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Pilot House Nameboards

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    #16
    There are some pretty good gold paints. The best I've found is to first paint something yellow or some bright color and then go over it with Liquitex acrylic iridescent gold, which is somewhat transparent, so a couple of coats is needed. It lasts a long time and doesn't tarnish. It is composed of titanium coated mica flakes and yellow iron oxide and is water soluble until it dries. It will hold up outdoors. It can be found at art supply stores or web sites and comes in a tube. I can't imagine what a package of gold leaf would run these days. Art supply stores usually keep it in a safe.

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      #17
      So I checked. You can cover about 2 sq. ft. with 23.75K gold leaf for as little as $31. The stuff is about one molecule in thickness, so it doesn't weigh much.

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        #18
        Herewith is an image, made from a slide taken by Capt. C.W. Stoll on September 17, 1962. Alan is at work on one of the new pilothouse nameboards, as steamboat engineer Courtney M. Ellis observes. Note the ring buoy on the back of the pilothouse which still reads STEAMER AVALON.

        In 1972, Capt. Doc Hawley painted a new nameboard (two pieces) for the front of the pilothouse on the BELLE. That artifact is now in the collections of the Howard Steamboat Museum, as is an old AVALON pilothouse nameboard, also painted by Doc. It suffered damage in the museum's 1971 fire, but we have hopes of bringing it back to life in much the same manner that we restore stencilled and painted organ pipes. Spraying with a lacquer, restores the color, etc.

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          #19
          I wore a 32" belt in those days!

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            #20
            Don't worry. A lot of us have had to install expansion joints in our belts.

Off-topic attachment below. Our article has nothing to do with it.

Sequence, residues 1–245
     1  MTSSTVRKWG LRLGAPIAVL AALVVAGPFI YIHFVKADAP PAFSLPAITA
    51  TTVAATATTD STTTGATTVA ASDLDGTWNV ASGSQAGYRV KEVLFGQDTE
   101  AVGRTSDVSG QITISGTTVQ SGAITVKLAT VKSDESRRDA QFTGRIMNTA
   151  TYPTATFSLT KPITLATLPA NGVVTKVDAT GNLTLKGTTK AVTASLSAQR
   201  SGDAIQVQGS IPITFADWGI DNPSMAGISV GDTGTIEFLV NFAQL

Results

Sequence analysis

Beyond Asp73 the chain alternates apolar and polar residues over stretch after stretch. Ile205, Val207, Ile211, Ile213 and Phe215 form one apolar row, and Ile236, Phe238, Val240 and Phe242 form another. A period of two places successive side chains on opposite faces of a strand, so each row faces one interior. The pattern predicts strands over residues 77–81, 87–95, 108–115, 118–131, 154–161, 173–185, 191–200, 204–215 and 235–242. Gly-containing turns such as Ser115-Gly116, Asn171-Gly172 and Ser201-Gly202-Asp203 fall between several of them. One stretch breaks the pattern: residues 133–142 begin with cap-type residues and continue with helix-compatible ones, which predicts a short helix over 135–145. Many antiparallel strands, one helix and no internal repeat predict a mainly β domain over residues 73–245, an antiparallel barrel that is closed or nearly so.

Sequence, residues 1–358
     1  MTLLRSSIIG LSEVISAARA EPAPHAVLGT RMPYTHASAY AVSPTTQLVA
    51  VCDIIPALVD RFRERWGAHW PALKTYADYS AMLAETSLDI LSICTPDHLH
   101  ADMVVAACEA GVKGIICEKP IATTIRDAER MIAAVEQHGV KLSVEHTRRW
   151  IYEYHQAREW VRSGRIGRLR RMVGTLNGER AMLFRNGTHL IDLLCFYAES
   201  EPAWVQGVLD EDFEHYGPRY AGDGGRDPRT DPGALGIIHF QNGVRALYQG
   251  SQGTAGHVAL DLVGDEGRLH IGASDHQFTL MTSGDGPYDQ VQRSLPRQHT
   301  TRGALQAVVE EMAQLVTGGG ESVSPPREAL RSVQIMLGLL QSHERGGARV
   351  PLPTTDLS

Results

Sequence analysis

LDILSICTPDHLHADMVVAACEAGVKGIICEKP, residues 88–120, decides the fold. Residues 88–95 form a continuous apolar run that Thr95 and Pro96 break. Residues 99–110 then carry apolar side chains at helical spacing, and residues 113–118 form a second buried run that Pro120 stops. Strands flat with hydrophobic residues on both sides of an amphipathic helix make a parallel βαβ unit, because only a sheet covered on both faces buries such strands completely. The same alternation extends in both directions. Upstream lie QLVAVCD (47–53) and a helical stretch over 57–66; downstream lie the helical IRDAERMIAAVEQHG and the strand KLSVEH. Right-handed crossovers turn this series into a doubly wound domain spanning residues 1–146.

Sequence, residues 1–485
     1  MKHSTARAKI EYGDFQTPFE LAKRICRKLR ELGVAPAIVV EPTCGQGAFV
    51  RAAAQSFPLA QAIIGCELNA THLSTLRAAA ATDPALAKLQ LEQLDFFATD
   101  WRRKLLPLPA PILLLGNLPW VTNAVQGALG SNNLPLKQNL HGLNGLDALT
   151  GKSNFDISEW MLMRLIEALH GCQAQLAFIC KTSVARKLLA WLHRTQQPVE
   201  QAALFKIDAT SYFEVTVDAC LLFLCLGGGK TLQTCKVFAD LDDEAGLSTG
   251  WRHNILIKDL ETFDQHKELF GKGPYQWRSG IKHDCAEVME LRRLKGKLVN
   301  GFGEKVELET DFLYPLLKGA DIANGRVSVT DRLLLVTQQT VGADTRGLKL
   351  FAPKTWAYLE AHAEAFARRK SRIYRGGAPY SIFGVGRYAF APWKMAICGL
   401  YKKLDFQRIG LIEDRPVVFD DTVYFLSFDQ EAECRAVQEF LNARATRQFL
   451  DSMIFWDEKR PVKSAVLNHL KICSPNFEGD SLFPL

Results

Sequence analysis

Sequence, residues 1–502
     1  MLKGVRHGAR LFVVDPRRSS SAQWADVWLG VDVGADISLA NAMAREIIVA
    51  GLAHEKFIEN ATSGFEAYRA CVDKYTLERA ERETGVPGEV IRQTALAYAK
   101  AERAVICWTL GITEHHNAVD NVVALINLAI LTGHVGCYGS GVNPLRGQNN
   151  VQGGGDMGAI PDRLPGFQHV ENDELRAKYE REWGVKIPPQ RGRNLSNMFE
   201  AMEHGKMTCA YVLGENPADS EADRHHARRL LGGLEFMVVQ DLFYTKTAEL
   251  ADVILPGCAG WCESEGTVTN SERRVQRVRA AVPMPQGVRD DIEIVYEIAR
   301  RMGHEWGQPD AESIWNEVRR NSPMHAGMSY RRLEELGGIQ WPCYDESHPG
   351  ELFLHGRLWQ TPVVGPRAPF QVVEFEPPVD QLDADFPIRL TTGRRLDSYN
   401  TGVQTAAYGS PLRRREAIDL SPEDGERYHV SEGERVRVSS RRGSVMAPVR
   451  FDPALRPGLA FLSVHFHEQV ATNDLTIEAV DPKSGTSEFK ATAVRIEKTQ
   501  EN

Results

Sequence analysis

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              #21
              I notice I'm wearing a new red-leather cap.

              One day we were down in the hull working on something dirty. I kept bumping my head on the deck beams, so I sent a young deckhand up to the Army Store to get me a cap. It was this one. I waited and waited and kept on bumping my head. Finally I asked the kid, "Where's my cap?"

              Shocked, he replied, "You don't want to wear it down here, do you?"

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                #22
                Did he go up to the Army Surplus store up on Broadway near the L & N Station? I remember seeing one up that way some years prior to "Urban Renewal" ?

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                  #23
                  No, Jim, it was at Second or Third and Jefferson. I wouldn't dare send Jimmyray clear out to Tenth and Broadway - he might get lost. He was a really nice kid with all the brains of a locust fence post. He was killed in Vietnam.

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                    #24
                    Alan making the nameboards

                    Here's a couple of pictures from an article which appeared in the LOUISVILLE TIMES in August 1962. Found the article in one of my dusty boxes.
                    Attached Files

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